Becoming Involved in Research

The involvement of community members in the actual process and design of health research would be much more prevalent if people were aware they could do it, an Australian Genomics study has found. 

While many people know they can be a “participant” in a study (having their health data collected), they are less aware of the opportunities for being involved at a decision-making level, such as with recruitment, data analysis, project design, and priority setting.  

The findings emerged from a survey of public perceptions of health research conducted as part of the Involve Australia project, which aims to promote meaningful, responsible and effective community involvement in genomic research. 

L-R: Anne McKenzie, Fiona Russo, Keri Finlay, Tiff Boughtwood, Monica Ferrie, Jack Nunn, Isabella Sherburn and Sean Murray.
Absent from photo: John Cannings and Greg Pratt.

The project is partnering with patient support and advocacy groups, Indigenous community members, patients and carers, interested members of the public, genomic researchers and clinicians.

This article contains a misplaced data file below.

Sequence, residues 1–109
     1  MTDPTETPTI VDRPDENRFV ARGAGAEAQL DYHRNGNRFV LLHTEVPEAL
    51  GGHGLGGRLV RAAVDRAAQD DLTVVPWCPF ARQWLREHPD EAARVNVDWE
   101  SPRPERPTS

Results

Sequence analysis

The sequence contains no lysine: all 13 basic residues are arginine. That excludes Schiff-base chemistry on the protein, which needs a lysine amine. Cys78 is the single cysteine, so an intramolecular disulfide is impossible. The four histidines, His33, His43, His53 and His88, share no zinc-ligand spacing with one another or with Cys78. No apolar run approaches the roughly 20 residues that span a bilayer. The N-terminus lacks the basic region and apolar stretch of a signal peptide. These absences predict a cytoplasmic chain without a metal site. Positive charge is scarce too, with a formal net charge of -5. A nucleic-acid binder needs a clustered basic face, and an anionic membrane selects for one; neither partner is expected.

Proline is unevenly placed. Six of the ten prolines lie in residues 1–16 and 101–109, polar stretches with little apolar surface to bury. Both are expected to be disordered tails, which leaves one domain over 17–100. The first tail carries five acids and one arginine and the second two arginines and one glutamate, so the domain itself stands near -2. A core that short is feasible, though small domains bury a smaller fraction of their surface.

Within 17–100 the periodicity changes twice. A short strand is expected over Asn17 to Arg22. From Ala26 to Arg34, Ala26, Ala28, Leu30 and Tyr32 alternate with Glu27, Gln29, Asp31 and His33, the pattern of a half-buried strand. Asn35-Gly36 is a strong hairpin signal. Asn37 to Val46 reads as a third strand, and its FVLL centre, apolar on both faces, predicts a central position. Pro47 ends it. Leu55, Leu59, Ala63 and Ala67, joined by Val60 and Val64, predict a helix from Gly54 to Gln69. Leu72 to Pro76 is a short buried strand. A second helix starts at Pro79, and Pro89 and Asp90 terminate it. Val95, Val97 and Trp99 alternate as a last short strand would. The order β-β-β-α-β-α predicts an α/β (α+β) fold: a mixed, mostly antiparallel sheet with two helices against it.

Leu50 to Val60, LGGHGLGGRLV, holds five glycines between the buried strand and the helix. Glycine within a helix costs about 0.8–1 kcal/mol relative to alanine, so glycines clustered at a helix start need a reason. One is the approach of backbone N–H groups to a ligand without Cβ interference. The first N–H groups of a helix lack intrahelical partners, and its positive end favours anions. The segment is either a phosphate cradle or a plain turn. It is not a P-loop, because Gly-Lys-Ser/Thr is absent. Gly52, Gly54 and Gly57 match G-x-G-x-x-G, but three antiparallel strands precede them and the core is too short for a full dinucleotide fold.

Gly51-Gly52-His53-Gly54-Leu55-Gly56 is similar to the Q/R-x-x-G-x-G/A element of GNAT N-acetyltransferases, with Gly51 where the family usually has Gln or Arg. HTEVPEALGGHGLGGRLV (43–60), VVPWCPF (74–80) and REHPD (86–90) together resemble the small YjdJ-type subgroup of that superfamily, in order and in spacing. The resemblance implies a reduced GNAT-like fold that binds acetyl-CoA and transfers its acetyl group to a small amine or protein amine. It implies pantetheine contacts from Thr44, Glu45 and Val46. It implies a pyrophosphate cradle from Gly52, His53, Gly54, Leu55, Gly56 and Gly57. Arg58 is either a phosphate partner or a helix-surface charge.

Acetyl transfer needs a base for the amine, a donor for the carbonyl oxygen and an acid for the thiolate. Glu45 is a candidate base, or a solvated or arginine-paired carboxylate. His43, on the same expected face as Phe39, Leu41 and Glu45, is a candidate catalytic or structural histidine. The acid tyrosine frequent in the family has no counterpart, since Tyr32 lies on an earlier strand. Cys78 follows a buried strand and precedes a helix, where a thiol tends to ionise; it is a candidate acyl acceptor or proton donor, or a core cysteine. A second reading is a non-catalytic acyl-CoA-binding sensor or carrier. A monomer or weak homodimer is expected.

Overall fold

The first stage is to develop practical guidelines for researchers to use when they are involving community members in their research. 

The National Health and Medical Research Council states that involving community members in research: 

  • enables research that is relevant to the community
  • raises public awareness and support of research, and
  • can lead to improved translation of findings into the health system leading to better health outcomes
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